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I have a WinForm and few properties that are set on it.
for example : Name,Address are accepted on the Form.
(many more properties in actual example)

The current implementation is somewhat similar to

frmName frmView = new  frmName (); //frmName  is WINFORM 
frmView.Name= "ABC"; //any valid string or read this from file
frmView.Address="SomeAddress"; //any valid address or read this from file

if (frmView.ShowDialog() == DialogResult.OK)
{
    //OK CLICK PROCESS and
    // get new values edited by user
     string name = frmView .Name;
     string address = frmView.Address;
     doProcessing(name,address);
}
else{
  //Ignore cancel click..
}

how do i convert this to a MVP based Winform application.
Also need to refactor the processing done on ShowDialog() to the Presenter/Model
(dunno exactly where to do it)?
Also need to avoid writing code on the form itself.(Passive view)

Thanks All.

share|improve this question
up vote 5 down vote accepted

I'm still experimenting with different MVP approaches myself, but the way I'm currently doing it is like so:

frmName frmView = new frmName();

if (frmView.ShowDialog() == DialogResult.OK) {
    presenter.RequestProcessing(frmView.Name, frmView.Address);
} else {
    //Ignore cancel click..
}

You say you want to avoid writing any code on the form itself, but this doesn't make sense to me. In Passive View, you pass on all application-specific requests to the controller or presenter.

In this example, the view handles view-related logic. Opening the dialog box isn't a user action that anything else (such as the presenter) needs to be informed about. Just like opening a context menu, a dialog box is part of how this particular view chooses to offer those application-specific requests to the user. Until the user actually goes through with it and submits the request, the presenter doesn't need to know anything.

In some circumstances where I've needed to be able to handle errors within the dialog box itself, I've passed the IPresenter object into the dialog box's constructor. It can then make the appropriate presenter request itself when the "OK" button is clicked, for example, and can show a message box instead of closing in case of an error.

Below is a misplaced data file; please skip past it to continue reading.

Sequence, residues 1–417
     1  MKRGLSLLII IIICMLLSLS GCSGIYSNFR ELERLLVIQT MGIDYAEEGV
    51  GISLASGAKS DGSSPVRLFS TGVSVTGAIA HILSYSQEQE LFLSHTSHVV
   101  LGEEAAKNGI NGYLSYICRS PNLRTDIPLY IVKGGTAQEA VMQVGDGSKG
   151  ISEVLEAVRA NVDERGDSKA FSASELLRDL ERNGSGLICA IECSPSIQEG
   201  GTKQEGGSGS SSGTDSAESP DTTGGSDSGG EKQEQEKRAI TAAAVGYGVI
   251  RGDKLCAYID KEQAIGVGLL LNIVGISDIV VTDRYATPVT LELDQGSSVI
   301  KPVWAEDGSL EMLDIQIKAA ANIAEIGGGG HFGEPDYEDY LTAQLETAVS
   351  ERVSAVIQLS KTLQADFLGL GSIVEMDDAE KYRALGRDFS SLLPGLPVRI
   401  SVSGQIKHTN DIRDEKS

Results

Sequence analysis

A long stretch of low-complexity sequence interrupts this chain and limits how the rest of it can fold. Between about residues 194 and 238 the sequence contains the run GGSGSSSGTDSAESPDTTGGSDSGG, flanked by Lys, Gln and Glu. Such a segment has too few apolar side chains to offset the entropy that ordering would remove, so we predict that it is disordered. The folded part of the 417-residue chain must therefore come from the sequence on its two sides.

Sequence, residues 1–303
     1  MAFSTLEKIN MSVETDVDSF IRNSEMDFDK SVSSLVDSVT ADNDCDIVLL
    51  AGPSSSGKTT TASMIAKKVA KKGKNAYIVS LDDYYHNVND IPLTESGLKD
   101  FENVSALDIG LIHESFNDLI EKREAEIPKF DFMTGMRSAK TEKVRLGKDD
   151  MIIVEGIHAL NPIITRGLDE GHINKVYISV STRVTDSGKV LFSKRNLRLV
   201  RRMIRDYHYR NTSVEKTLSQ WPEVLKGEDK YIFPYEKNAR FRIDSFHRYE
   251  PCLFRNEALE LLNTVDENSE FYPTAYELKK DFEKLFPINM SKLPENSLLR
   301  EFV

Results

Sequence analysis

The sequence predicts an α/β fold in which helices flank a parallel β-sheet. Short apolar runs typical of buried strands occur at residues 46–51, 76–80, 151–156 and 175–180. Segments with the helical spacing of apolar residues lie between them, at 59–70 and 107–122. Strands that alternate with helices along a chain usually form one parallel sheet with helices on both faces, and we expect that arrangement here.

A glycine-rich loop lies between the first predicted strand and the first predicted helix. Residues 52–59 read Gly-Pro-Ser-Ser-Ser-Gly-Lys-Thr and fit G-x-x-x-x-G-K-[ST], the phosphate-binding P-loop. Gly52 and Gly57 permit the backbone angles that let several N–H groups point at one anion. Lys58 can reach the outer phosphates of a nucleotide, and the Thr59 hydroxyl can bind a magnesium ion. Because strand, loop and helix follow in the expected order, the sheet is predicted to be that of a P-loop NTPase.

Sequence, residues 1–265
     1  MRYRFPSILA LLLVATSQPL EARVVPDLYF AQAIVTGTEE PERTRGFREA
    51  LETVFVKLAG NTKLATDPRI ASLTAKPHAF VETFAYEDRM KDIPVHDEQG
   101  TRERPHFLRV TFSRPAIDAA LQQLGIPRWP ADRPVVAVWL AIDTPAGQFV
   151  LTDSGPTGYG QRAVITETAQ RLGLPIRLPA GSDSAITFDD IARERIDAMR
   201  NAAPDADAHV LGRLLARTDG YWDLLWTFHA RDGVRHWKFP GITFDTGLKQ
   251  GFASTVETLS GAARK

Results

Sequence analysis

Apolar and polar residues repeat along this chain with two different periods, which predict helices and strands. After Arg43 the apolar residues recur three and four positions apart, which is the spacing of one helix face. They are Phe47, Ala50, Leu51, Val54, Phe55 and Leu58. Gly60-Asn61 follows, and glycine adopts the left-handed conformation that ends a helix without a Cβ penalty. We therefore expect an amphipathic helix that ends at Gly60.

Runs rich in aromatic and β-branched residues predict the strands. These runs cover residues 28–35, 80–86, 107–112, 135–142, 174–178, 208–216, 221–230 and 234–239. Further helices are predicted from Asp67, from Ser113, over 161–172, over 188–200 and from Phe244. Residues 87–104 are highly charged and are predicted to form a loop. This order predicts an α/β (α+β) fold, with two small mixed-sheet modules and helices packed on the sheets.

There are a lot of variations on MVP, but I hope this helps. Good luck with setting it up.

share|improve this answer
    
thx for answer. Also please can you explain the handling of errors part.. (3rd paragraph.. "In some circumstances where ....") – Amitd Aug 9 '10 at 11:41
    
@Amitd: In the code example in my answer, the user request is forwarded to the presenter upon closing the dialog box. What if that request results in an error? For example, that same name and address has already been processed and saved somewhere. It looks better to display the error from within the dialog box and allow the user to change their name or address, instead of having to open a new dialog box to try again. You can do this by passing the presenter into the dialog box, having it make the request itself, and only closing it if it does not result in an error. – Rich Aug 9 '10 at 11:55
    
@Rich : Oh ok. So I will need to keep the presenter as a property of the view instead of creating new presenter inside the view ? – Amitd Aug 9 '10 at 12:51
    
@Amitd: It's up to you how you choose to handle the creation of the presenter. You can either do it from inside the view, or create it from outside (perhaps in your main method) and pass it into the constructor. Either way, the view will need a private reference to it so that it can interact with it. – Rich Aug 9 '10 at 13:05
    
@Rich : thanks. i did it the 2nd way..passing the Presenter thr constructor. (IPresenter was gr8 idea ..much more flexible.) – Amitd Aug 11 '10 at 11:32

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